For as long as you can remember, there’s always been a distinction between the age of a dog in “dog years” versus that of human years.
Are you ready to really learn how old is a dog in human years and if that really means anything? As always, we are going to shed light on another dog topic that has people talking. Keep reading to learn more.
The First Year
As much as there is an easy topic that compares the age of dogs to the age of humans, we know that it’s a controversial subject. What is commonly circulated is that for every human year, there are 7 dog years in comparison. The reality is that it doesn’t matter the breed, all dogs will develop and age very similar to 15 human years in their first year of life. You read that right. In the first 5 months, your pup will lose teeth and by seven months old, they will have all of their adult teeth.
The “Terrible Twos”
Once again, as in the first year, the second year of your pup’s life will be the same regardless of the breed or size. They will all age pretty much at the same rate, with little variants. During the “terrible twos” your dog will age a total of 9 human years. So how old is a dog in human years? This means that after only 2 years, your dog is already past the human legal drinking age and well into their mid-20s!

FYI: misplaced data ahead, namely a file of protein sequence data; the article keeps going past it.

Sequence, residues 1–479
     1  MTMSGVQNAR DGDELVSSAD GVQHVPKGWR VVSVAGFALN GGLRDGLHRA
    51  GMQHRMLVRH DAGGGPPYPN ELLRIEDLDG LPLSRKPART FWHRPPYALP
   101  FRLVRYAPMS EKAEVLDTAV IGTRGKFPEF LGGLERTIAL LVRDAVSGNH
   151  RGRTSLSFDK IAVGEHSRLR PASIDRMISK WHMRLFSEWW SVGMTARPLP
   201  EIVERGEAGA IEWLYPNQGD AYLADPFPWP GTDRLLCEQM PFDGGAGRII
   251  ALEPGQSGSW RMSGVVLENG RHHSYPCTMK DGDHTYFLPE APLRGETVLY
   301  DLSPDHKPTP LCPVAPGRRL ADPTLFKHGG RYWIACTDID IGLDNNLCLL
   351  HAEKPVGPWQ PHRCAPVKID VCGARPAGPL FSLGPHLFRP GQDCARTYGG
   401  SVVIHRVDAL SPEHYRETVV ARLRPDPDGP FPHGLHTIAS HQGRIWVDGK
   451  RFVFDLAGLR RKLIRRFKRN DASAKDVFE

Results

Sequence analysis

Small dog breeds grow much faster out of the puppy stage than larger dogs but they will eventually catch up to them. Large dogs reach middle age faster than small dogs.
In your dog’s fifth year of living in the big world, this is when they start a little more rapidly. Small dogs weighing 20 pounds or less are approximately 40 in human years while they are only 6 in dog years. For larger dogs, add 2 more years.
If you can believe it, after only 6 years of living, your dog will technically be considered a senior dog. They will continue to age anywhere from 3 to 5 years over just 1 human year.